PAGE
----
You may have always assumed that a Jasper Johns print was out of your price range. After all, a 1969 set of prints showing the numerals 0 through 9 brought $485,000 last month at Christie's New York. But you can have your own Johns work by picking up an $11 copy of A.i.A.'s May issue, which includes an offset lithograph by the artist. It's the first time Johns has collaborated with a magazine since 1973.
Produced with print publisher Bill Goldston of Universal Limited Art Editions (ULAE) of Bay Shore, Long Island, the print contains classic Johnsian imagery—the numbers 0-9, a map of the United States and the alphabet in American Sign Language. Johns created the print at the invitation of A.i.A. and curatorial consultant Sharon Coplan Hurowitz.
Hurowitz and Goldston spoke by phone with A.i.A. last week about the project.
BRIAN BOUCHER Can you tell us a little about how you went from proposal to finished print?
BILL GOLDSTON Jasper had an idea, I think from the beginning, of what he wanted to do. A lot of it was predicated on the dimensions of the magazine. He thought the best thing would be to do a drawing on frosted Mylar, a process he's familiar with. He gave me the image and I scanned it, converted that digital file to a digital print, and showed him a proof. He asked if it could be printed on different kinds of paper. A local offset printer I work with, Official Offset in Amityville, N.Y., provided me with samples. We discovered quite by accident that Jasper was working with an old magazine size, and the magazine is now larger. So he drew a line of numbers at the top to satisfy the difference in the proportions of the page. I scanned that and added it, so the image had three different layers: The first layer was the map and the Sign Language alphabet. Then there was the addition of the numbers across the top. Finally, he signed a small piece of Mylar and I dropped that into the file. It didn't exist as a composed image in any other way than digital.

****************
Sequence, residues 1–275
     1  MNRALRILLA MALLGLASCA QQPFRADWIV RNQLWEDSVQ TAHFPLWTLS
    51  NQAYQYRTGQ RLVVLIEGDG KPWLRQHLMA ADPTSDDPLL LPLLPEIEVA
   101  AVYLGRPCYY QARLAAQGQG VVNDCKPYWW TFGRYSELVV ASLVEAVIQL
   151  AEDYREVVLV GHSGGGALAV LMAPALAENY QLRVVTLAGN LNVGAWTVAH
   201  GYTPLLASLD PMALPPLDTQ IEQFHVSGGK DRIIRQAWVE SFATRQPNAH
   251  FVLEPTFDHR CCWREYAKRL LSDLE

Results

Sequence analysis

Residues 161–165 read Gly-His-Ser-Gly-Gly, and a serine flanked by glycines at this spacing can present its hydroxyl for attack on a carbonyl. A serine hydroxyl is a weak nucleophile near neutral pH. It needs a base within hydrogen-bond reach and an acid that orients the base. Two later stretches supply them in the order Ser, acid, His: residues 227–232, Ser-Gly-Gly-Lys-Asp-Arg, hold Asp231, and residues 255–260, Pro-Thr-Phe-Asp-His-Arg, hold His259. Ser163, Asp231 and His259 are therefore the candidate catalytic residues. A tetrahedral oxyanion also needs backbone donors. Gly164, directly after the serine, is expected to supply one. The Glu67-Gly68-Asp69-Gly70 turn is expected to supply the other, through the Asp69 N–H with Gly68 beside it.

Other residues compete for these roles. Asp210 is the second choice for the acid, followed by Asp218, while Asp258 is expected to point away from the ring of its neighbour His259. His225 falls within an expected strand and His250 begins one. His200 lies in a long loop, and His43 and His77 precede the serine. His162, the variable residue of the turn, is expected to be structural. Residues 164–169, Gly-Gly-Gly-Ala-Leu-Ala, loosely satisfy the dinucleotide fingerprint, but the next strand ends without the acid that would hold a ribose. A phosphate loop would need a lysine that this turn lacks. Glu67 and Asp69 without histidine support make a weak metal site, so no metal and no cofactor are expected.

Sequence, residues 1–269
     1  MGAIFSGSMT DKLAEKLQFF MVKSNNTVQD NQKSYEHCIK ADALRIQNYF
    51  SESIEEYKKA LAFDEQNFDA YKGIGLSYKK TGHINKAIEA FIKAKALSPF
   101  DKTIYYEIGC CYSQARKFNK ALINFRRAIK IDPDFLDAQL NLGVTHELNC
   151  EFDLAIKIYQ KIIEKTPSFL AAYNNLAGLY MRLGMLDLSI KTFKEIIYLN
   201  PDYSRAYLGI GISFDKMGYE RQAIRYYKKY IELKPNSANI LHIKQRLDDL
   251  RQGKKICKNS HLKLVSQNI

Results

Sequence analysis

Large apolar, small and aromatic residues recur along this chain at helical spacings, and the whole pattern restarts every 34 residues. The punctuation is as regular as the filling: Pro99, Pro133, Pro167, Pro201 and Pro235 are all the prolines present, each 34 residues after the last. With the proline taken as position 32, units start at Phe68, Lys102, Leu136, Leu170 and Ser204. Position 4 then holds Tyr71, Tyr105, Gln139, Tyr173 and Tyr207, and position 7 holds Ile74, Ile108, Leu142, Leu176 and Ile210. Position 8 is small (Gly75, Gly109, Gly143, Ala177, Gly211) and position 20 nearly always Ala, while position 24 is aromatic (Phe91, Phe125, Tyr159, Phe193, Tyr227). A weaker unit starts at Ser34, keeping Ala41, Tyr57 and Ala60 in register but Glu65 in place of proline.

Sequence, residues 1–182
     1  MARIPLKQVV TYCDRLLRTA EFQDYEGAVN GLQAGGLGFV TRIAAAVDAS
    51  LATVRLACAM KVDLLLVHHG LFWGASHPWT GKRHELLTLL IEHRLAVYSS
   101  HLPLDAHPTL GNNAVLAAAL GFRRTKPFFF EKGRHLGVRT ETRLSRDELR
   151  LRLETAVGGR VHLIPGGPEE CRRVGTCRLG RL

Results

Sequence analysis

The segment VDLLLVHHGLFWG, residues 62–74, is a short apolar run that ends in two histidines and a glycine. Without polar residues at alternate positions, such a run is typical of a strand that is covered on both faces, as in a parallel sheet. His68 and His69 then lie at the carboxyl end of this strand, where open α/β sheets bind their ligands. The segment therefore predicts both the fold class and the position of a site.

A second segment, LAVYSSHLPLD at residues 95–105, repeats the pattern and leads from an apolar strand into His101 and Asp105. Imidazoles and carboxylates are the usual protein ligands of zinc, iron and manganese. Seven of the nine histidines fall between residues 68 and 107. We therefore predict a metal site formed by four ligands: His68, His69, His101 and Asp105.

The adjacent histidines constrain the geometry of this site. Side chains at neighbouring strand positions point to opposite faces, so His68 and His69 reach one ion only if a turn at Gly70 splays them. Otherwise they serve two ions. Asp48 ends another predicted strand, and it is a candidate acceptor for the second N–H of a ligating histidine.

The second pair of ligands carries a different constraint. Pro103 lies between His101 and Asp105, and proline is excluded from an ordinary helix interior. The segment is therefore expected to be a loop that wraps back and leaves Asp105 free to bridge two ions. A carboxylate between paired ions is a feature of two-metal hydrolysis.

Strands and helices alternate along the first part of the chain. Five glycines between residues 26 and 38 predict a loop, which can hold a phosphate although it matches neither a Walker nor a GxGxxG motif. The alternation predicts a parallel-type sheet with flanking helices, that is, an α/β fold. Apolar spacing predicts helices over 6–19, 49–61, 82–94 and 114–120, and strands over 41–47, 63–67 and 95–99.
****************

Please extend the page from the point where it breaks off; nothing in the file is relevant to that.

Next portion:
BOUCHER What are the qualities of the paper that persuaded Johns to use this particular stock?
GOLDSTON When the image is lying in the book you can see through the paper and see what's under it. Johns thought that might prove to be an interesting first glance.
SHARON COPLAN HUROWITZ Offset printing also allows for a more transparent kind of inking. Was that the reason for using offset, Bill, or was the choice based on the fact that we would be printing a large run?
GOLDSTON All these are factors. The key is that you're working with an artist who has an idea, and whatever technique you choose, it has to reflect that idea. I just provide what he wants to see.
BOUCHER How did you arrive at the folded format? One could have done something smaller and avoided the fold.
HUROWITZ A.i.A. first commissioned artists to do prints in the 1970s, and we sent Jasper some samples. The majority had a gatefold, and my understanding is that he wanted to honor that aspect of the original project.
Bill, I know that once Johns takes on something new he often really embraces it. Might this lead to more projects using new technological means?
GOLDSTON I would love it if it did. I gave him an iPad as a gift. Then I gave him one with drawing software on it. For a man who's over 80 years old, it's pretty adventurous to take up an iPad and start drawing. It's my responsibility to give him the opportunity to explore anything he wants to explore. If he wants something from it, he'll figure out how to use it. I'm always making these suggestions, hoping something we do will be a new adventure for him. That's really the goal.